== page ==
I thought it was interesting seeing more of these online course offerings from "non-content" businesses. For example, Hewlett Packard offers online courses through their Small Business site, on topics like XML, MS Office, and, naturally, ways to print more things and use up more of those $50 Vivera ink cartridges:
To me, this trend means a couple of things:
Nevertheless, some of these courses do sound interesting. I wonder if they can swing a martial arts class online?
But the historical expostion was great--if it's truly grounded in fact I learned much more about the whole Balkan conflict than I did from CNN.
Next up: Crisis Four by Andy McNab. Just starting this one, looks to be a good thriller in the Tom Clancy genre.
Finally doing something with all that classic Time Warner content stuffed away in a subterranean vault under some nameless Utah mountain range, AOL is putting up classic TV episodes for your retro viewing pleasure--including classic "Kung Fu".
List of episodes:
King of the Mountain
An Eye for an Eye
The Soul Is the Warrior
See for yourself. Is David Carradine as good a martial artist as Chuck Norris is an actor?
Remember that scene in Crocodile Dundee where the Croc-ster faces off a switchblade-wielding street hood by whipping out his 12" bowie? (That's a knife, silly reader--get your mind out of the gutter).
Now here's an example of one tough axe:
Strider's writeup of this baby is in the usual Mick Strider style: straightforward, no bullshit:
The CR is designed to be a hard substance destruction tool.
The materials and construction are intended to give optimum impact and prying strength.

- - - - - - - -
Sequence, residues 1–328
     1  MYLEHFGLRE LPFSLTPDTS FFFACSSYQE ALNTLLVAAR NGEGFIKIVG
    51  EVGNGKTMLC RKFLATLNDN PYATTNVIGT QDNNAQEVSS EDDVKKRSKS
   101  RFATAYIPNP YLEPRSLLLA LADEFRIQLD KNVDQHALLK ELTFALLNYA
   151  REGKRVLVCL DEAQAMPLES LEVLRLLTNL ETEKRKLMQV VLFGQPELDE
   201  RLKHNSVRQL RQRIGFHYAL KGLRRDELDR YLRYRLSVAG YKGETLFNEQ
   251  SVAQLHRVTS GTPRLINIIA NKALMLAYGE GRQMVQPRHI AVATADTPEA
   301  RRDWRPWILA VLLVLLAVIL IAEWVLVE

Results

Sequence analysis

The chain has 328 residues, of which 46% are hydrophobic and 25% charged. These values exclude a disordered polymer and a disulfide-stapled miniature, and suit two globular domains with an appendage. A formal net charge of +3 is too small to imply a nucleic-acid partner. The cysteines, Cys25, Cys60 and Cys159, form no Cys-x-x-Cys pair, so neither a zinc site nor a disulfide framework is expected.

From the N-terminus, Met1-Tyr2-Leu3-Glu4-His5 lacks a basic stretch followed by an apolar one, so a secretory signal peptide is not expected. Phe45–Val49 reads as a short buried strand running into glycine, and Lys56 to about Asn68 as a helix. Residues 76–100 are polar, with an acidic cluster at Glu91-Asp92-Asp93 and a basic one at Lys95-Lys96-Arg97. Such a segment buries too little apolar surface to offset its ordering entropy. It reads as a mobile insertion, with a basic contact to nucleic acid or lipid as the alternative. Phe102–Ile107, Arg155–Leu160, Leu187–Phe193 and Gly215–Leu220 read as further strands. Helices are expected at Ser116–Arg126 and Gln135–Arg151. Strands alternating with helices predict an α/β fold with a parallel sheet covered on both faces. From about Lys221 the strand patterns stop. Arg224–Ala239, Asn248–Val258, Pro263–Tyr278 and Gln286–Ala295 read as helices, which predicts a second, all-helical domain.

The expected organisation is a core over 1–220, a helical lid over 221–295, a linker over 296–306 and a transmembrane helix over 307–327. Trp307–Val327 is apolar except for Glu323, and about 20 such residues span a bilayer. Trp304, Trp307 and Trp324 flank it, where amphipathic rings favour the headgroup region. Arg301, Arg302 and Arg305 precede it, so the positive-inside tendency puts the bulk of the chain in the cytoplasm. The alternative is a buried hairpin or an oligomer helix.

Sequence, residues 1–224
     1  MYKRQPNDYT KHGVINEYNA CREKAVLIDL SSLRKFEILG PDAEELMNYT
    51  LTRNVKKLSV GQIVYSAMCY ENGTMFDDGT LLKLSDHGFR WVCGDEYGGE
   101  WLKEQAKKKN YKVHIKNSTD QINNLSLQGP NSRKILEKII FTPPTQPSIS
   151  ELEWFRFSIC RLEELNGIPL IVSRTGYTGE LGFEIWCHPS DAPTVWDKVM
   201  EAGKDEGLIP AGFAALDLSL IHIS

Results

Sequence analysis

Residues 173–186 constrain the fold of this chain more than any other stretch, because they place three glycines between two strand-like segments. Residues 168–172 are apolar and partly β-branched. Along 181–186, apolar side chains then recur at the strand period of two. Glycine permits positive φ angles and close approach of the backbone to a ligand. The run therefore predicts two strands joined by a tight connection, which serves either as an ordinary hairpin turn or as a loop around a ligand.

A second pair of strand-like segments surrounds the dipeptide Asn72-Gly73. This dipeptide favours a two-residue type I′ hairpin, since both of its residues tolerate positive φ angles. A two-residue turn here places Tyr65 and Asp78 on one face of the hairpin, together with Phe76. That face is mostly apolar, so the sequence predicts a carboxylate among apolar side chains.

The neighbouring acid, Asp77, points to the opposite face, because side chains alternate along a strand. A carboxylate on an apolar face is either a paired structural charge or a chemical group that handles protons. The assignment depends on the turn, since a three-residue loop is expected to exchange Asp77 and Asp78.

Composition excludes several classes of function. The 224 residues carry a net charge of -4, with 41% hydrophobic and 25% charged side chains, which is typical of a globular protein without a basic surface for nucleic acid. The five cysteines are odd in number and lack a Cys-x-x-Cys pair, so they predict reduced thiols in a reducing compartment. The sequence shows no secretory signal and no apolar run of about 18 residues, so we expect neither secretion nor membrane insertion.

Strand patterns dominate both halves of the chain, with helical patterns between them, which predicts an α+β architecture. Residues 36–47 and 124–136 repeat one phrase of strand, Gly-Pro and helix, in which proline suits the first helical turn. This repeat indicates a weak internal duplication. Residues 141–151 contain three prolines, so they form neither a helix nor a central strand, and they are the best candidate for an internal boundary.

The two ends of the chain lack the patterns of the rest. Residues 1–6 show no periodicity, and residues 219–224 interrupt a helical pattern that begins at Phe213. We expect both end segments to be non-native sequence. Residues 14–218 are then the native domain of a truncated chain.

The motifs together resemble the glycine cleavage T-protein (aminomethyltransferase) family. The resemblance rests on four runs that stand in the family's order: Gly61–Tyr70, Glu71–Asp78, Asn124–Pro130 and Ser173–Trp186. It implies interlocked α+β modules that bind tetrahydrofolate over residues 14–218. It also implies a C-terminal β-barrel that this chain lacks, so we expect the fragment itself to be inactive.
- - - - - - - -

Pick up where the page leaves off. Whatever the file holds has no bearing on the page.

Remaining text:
The CR works as a system. The base of which is a .285” thick 6AL4V titanium head, with .775” thick cantilevered S7 impact bits. S7 is an incredibly strong material, most commonly seen on “Jackhammer” bits.
In addition to removing bolt stress, this cantilever action also allows for a multi strike action of the bits. The initial strike is achieved with human force by swinging the tool against a surface. The secondary strike is caused by the inertial force of the collapsing cantilever system. By using this system, the axe is actually working as a human powered Jackhammer.
I just finished Bernard Cornwell's Vagabond, second book in the Grail series, and found the depictions of technology during the Hundred Years War fascinating. What if you built old tech, like trebuchet and crossbows, using modern materials like carbon fiber and titanium? This would be a fine weapon for the days of men-at-arms and plate armour.
Holy cow, I never thought I'd be able to do a cross-category blog title like that one. Framemaker and Tang Soo Do in the same post? Talk about your single sourcing!
Anyway, turns out that Kay Ethier, Frame guru, DITA 2006 conference organizer, and co-author of the XML Weekend Crash Course, has kids taking TSD, and wanted them to learn their mahki from their chagi. Framemaker to the rescue, of course. A judicious application of some Frame single-sourcing fu and voila, one instant book + CD set.
Between Frame-enhanced Tang Soo Do and Springfield's XML tactical handgun light, there are a lot of choices now for tech doc folks who want to kick some butt.